The University of Michigan on Wednesday won a $2.7 million grant from the U.S. Department of Energy and will partner with two laboratories to study whether driverless vehicles could help people drive more efficiently.
UM’s Mobility Transformation Center, UM Transportation Research Institute and College of Engineering will partner with Argonne National Laboratory and Idaho National Laboratory in the research. Connected and autonomous vehicles are an area of focus for the Department of Energy.
“Nobody knows the magnitude of what the energy savings of connected and automated vehicles will be,” said MTC Director Peter Sweatman. “We’re going to actively collect the data to do that.”
The university will recruit 500 volunteers in Ann Arbor to participate in the project. Their personal vehicles will be equipped to collect energy consumption data, in addition to information about vehicle motion, such as speed and location, as the volunteers go about their daily routines.
The university said some of the vehicles could belong to fleet or commercial users.
The project also will study how drivers react to various functions in connected and automated vehicles, and whether any resulting change in behavior affects energy consumption.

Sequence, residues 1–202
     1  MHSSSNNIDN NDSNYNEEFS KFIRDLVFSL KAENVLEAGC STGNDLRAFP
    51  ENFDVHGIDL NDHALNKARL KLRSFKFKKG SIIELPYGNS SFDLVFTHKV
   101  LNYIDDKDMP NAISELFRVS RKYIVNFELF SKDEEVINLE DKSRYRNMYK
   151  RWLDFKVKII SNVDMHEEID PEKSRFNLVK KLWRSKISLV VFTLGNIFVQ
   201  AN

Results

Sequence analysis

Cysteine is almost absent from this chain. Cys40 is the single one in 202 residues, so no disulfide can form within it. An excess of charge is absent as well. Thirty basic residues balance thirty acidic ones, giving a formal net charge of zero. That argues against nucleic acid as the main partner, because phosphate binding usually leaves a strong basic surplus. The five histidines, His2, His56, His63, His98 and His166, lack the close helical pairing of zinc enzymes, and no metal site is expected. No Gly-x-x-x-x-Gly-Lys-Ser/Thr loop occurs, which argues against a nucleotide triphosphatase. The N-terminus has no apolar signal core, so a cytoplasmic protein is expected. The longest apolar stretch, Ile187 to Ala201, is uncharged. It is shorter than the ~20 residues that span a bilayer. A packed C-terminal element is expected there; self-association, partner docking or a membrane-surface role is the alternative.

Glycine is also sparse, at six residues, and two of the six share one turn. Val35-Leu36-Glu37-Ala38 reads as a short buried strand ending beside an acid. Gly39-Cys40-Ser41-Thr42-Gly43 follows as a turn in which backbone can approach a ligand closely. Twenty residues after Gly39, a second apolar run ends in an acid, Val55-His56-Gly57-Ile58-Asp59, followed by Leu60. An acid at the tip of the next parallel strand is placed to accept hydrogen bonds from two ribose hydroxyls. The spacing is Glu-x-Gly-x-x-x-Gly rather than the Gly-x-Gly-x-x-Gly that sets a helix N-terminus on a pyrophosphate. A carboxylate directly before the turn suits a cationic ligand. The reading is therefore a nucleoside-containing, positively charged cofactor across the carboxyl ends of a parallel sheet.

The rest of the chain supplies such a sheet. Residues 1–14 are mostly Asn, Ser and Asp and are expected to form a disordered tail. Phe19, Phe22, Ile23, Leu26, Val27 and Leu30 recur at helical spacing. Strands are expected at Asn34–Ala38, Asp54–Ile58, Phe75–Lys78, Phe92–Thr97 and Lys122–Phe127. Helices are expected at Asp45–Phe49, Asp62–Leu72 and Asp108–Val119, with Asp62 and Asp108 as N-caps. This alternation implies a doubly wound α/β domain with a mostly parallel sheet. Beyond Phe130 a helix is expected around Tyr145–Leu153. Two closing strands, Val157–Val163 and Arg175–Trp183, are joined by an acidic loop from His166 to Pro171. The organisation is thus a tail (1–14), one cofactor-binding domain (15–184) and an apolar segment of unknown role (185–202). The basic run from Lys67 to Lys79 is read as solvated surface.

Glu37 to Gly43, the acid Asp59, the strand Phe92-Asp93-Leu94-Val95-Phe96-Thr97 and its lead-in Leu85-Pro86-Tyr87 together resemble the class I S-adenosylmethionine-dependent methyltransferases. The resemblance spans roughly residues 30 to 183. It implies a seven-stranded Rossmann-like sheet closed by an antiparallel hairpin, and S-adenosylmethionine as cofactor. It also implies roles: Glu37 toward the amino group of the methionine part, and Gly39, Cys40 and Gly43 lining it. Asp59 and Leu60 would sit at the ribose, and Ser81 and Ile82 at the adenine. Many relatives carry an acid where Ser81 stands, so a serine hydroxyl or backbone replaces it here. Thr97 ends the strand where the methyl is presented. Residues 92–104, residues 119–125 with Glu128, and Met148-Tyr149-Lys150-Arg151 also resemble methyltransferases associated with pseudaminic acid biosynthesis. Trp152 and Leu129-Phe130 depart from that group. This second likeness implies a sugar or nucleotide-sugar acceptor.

“Reducing emissions and saving fuel are expected to be significant benefits once connected and automated vehicles are on the road in large numbers,” Huei Peng, MTC associate director and a principal investigator on the DOE project, said in a statement. “Unlike the safety impact of these vehicles, however, energy consumption has not been widely studied. This research will help us better understand the potential energy savings and identify possible obstacles to achieving meaningful reductions.”
The majority of vehicles in the study will be hybrid-electric vehicles, plug-in hybrid-electric vehicles and battery electric vehicles, with only a small number expected to be traditional cars or trucks.
Argonne will contribute modeling and simulation expertise, as well as development of a display module to better understand drivers’ behaviors. The Idaho National Laboratory will consult on the project to provide guidance about data collection and analysis.
U.S. Senator Gary Peters on Wednesday applauded the award.
“Connected vehicles and infrastructure are the next frontier for American cars and drivers, and we must invest in and promote the development of these critical technologies that can improve vehicle performance, prevent accidents and save lives,” Peters said. “This project will help the Mobility Transformation Center better understand how connected vehicles can making driving more efficient, reduce fuel consumption and save drivers money.”